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If you do your own installation, You can put all sorts of goodies on the DL650 for considerably less than a stock Beemer which also needs help with things like suspension.
 

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Discussion Starter #11
Thanks so much for the information everyone!

Ancon, I am coming off of a heavy inline 2. The YZf was sold a while ago. The last 17,000 miles have been done on a Suzuki Burgman 650, I have already adjusted to not being able to power lift the front wheel in 3rd gear :)

Stromin'Nroman, Good info on the fuel. I had not noticed that the BMW was super only. I shall have to find if this is really the case or just text in the manual, either it will knock or it won't. Does throttle body sync require a scan tool or something? Why is it dealer only on the Vstrom? P.S. you were not by chance a great 4 star in the first gulf war were you :)

Wizzer, I am considering wrist pain as something that can be moded as long as the bike has a fairly upright seating position to begin with. As for other bikes, ABS is a deal killer. For the conditions I keep finding myself in, I want it above all else.

Goodfather, BMW dealer network getting smaller? that is cause for concern.

Satch, I WOULD be better off on a big bike for the long trips, but I also commute daily in ultra busy Saint Louis and a maneuverable bike is much better for that. Poverty forces me to chose one all arounder :)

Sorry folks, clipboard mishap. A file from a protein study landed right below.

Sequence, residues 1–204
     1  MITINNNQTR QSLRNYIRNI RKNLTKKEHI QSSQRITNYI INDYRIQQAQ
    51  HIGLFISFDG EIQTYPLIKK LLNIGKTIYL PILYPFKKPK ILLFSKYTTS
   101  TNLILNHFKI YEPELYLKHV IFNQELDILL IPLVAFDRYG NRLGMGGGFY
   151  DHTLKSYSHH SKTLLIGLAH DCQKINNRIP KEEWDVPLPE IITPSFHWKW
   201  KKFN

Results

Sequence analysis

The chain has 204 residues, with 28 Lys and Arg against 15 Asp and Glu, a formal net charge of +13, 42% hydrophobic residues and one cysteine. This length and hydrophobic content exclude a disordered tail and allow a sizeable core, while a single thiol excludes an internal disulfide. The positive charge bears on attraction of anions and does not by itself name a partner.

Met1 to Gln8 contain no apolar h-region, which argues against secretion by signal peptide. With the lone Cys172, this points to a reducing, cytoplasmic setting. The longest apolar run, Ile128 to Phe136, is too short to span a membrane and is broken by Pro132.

tkad, I have spent a bit of time lurking here and if I get the the wee, I will be back very often. The Burgmanusa sight is one of the main reasons to own a burgman. The presence of this sight as well as the BMW sight is a large part of what I like about these two bikes: devoted fan bases willing to help!

greywolf, tank slapper on the wee at 110 mph, as in bars beating against the stops? Thats scary! was it jut luggage or were the head bearings loose or something? How did you fare? My only tank slappers have occurred on the track on race bikes and without exception I bonded with the asphalt at triple digit speeds. I would prefer to avoid that on the highway.

QuietMike, the 800GS has been suggested by a few. It is a big unknown for me because except for about 5 miles down a gravel road on a KLR, I have no experience with dualsports. The Vstrom seems like a dualsport 90% engineered for pavement. The 800GS seems 90% engineered for dirt. I might love off-roading but simply have no experience to know. No matter what I do I have to shell out some cash. My current Burgman has 17,000 miles and value goes down sharply at 20,000 miles. It also does not have ABS which didn't bother me when I lived in Oregon 4 months ago but I want it for Saint louis. $4,800 is trade in for my Burgman and $10,400 is the price for a Burgman with ABS. I love my Burgman and will miss it, I don't believe it is the bike to have economically for 35,000 miles a year.

Thanks again everyone, all your comments are very helpful!
 

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greywolf, tank slapper on the wee at 110 mph, as in bars beating against the stops? Thats scary! was it jut luggage or were the head bearings loose or something? How did you fare?